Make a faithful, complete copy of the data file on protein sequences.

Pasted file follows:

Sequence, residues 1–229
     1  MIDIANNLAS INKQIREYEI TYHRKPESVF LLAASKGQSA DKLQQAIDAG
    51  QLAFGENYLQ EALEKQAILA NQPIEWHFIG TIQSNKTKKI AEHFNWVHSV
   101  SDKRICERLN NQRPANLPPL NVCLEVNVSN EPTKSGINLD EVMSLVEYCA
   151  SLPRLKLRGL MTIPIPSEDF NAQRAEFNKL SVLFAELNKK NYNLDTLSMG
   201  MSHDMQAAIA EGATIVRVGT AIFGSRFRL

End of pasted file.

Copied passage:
Sequence, residues 1–229
     1  MIDIANNLAS INKQIREYEI TYHRKPESVF LLAASKGQSA DKLQQAIDAG
    51  QLAFGENYLQ EALEKQAILA NQPIEWHFIG TIQSNKTKKI AEHFNWVHSV
   101  SDKRICERLN NQRPANLPPL NVCLEVNVSN EPTKSGINLD EVMSLVEYCA
   151  SLPRLKLRGL MTIPIPSEDF NAQRAEFNKL SVLFAELNKK NYNLDTLSMG
   201  MSHDMQAAIA EGATIVRVGT AIFGSRFRL